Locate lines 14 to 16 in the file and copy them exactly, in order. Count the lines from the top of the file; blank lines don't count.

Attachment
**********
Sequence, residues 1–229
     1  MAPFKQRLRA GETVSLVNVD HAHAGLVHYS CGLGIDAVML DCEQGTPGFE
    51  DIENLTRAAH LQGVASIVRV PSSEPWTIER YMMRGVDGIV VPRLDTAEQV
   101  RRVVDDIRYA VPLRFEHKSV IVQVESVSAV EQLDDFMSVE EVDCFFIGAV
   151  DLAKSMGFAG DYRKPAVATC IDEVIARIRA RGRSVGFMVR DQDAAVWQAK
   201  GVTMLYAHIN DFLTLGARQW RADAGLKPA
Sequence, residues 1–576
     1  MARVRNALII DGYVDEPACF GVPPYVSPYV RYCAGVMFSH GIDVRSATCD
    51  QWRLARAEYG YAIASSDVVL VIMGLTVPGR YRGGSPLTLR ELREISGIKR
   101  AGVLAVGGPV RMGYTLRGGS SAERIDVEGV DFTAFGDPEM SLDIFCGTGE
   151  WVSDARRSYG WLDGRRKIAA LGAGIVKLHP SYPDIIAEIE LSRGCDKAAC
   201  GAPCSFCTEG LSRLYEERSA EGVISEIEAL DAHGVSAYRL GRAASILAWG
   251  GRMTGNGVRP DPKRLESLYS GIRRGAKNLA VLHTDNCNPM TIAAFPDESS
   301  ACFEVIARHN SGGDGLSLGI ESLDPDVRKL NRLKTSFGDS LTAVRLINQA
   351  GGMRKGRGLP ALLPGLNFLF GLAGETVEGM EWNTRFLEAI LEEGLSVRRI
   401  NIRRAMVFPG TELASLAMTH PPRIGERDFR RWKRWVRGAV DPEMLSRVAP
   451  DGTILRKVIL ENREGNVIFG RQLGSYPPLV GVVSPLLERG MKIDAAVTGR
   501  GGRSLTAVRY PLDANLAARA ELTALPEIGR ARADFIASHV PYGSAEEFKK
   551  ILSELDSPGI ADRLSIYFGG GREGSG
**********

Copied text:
   301  ACFEVIARHN SGGDGLSLGI ESLDPDVRKL NRLKTSFGDS LTAVRLINQA
   351  GGMRKGRGLP ALLPGLNFLF GLAGETVEGM EWNTRFLEAI LEEGLSVRRI
   401  NIRRAMVFPG TELASLAMTH PPRIGERDFR RWKRWVRGAV DPEMLSRVAP